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Centre declares Shimla-Mataur highway unviable: What next for this crucial Himachal Pradesh road?

The financial crisis caused by the Covid pandemic was one of the factors behind the highway project being declared unviable, an NHAI official said.

Written by Gagandeep Singh Dhillon , Edited by Explained Desk | Shimla | Updated: September 23, 2020 10:50:22 am
Shimla-Mataur highway, Shimla-Mataur highway unviable, NHAI, highways declared unviable, Nitin Gadkari, Jai Ram Thakur, himachal Pradesh roads, express explained, indian expressCM Jai Ram Thakur said in the Assembly his government was committed to the four-laning of the highway, and ‘the matter is being raised with the Centre regularly’. (Express photo: Pradeep Kumar)

The Shimla-Mataur highway, one of Himachal Pradesh’s primary national highways set for four-laning, was recently declared unviable by the central government. A look at why the road is important for the state, and what the latest development means:

The Shimla-Mataur highway

The Shimla-Mataur highway is a national highway that runs northwest from Shimla for around 223 kilometres, passing through the districts of Solan, Bilaspur and Hamirpur before ending at the Mataur junction in Kangra district, around 13 kilometres away from Dharamshala.

Why is it important?

The highway connects the state capital Shimla to Kangra, the state’s most populated district and home to Himachal’s second capital Dharamshala. Kangra, Bilaspur and Hamirpur fall in a region commonly called lower Himachal, primarily connected to Shimla via this highway.

Besides the districts directly connected, the highway also facilitates indirect linking of Shimla with parts of Mandi, Kullu, Una and Chamba districts – in effect, it connects Shimla with 9 out of 12 districts in the state. It’s important from the point of view of religious tourism too, since it provides connectivity to some major pilgrimage centres and popular temples in lower Himachal.

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What is the history and status of the road-widening project?

In June 2016, Union minister for road transport and highways Nitin Gadkari announced that the highway would be four-laned. In addition, the NHAI was to build tunnels and bridges along the route and bypass some towns, to reduce the distance and travel-time.

The road was to be widened in five different ‘packages’, or sections, and the NHAI hired M/s Inter Continental Consultants and Technocrats, New Delhi, to prepare detailed project reports (DPRs) for this.

Delays in the DPR process caused the High Court of Himachal Pradesh to intervene in the matter in 2017 on its own motion in public interest. The HC last year directed NHAI and other agencies involved to ensure expeditious completion of works. In his budget speech earlier this year, Chief Minister Jai Ram Thakur mentioned the highway as a priority project for the state.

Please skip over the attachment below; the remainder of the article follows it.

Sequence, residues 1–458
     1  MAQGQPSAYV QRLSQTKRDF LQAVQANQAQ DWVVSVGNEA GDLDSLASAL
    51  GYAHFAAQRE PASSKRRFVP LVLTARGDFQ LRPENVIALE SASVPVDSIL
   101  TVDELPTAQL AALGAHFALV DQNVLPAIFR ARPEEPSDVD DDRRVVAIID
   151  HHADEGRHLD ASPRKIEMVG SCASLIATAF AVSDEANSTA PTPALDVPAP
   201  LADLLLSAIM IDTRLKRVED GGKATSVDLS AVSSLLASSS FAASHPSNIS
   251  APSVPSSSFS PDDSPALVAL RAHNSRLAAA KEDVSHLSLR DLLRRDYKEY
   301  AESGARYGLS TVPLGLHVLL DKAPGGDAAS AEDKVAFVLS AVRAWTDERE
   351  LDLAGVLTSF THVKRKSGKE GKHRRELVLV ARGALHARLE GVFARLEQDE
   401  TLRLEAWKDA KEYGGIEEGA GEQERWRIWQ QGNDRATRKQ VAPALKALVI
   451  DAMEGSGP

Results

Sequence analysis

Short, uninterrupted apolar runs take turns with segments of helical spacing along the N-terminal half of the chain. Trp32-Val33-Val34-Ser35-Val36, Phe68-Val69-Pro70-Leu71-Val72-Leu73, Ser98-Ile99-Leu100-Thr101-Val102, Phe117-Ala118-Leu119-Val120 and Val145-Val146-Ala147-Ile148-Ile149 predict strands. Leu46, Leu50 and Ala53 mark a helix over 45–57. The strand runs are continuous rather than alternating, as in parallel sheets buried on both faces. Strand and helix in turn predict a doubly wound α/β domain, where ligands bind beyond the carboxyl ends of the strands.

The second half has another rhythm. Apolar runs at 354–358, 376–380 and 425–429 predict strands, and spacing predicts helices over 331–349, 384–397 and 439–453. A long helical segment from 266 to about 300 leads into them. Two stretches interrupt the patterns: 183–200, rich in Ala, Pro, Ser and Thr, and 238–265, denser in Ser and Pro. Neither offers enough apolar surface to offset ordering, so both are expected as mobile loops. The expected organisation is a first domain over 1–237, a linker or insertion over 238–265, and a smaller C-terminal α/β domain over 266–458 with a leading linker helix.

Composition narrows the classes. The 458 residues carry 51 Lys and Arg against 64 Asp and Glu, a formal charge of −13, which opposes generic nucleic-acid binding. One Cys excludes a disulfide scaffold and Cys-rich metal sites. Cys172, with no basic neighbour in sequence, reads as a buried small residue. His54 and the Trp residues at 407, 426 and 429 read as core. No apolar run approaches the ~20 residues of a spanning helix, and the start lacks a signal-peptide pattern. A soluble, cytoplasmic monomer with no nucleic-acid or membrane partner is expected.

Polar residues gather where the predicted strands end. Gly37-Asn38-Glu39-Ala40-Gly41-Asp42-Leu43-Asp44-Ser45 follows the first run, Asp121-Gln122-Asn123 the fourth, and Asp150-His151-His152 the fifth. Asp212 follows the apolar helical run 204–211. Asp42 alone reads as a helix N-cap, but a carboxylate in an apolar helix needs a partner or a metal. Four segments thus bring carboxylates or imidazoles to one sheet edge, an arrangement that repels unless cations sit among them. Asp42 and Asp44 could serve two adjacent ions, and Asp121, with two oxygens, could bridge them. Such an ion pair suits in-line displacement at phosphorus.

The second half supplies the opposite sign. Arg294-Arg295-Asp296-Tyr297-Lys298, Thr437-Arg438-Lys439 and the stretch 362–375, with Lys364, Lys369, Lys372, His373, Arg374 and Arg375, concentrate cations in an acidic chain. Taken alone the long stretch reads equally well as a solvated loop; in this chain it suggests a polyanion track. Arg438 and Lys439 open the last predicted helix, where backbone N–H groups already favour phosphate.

The final DPR is now complete, an NHAI official told The Indian Express, and the land acquisition process is underway. Last week, Thakur told the state legislative Assembly that for Package V of the highway, a 36-kilometre stretch from Kangra to Jwalamukhi, around 66 hectares of land have already been acquired by the Centre.

However, no construction/excavation work has begun yet.

When was it declared unviable?

On July 3 this year, the Union ministry of road transport and highways wrote to NHAI regarding the unviability of 2,887 kilometres of highways in the country, which included the Shimla-Mataur highway.

The NHAI then asked the ministry to transfer the development, maintenance and repair of the road to the state public works department.

Thakur told the Assembly that the communication between the ministry and the NHAI was regarding viability of various projects according to market borrowings, so that planning could be done for them according to the ministry’s annual budget.

According to an NHAI official, the projected cost of the road-widening is Rs 10,000 crore, of which Rs 7,000 crore is the project cost and Rs 3,000 crore the land acquisition cost. The financial crisis caused by the Covid pandemic was one of the factors behind the project being declared unviable, the official said.

So, is the four-laning cancelled?

The CM said he reached out to Gadkari following the development, after which the ministry asked the NHAI to continue to repair, develop and maintain the road instead of handing it to the state.

“The state is committed towards the four-laning of this highway, and the matter is being raised with the Centre regularly,” Thakur said in the Assembly. He added that the government would try to get it done through the NHAI or through a Build Operate Transfer (BOT)/Hybrid Annuity Model (HAM)/Engineering, Procurement and Construction (EPC) contract under the budgetary provisions of the Union ministry.

About the communication regarding the “unviability” of the project, he said: “Letters keep getting posted but are not the final word.”

The Opposition Congress, however, is skeptical. Opposition leader Mukesh Agnihotri said during the Assembly session that Gadkari announced road projects worth Rs 65,000 crore in the past, but little has been done on the ground. He alleged that the road-widening of the Pathankot-Mandi highway also stands threatened, as a 40-kilometre stretch of the highway was included in the list of unviable projects.

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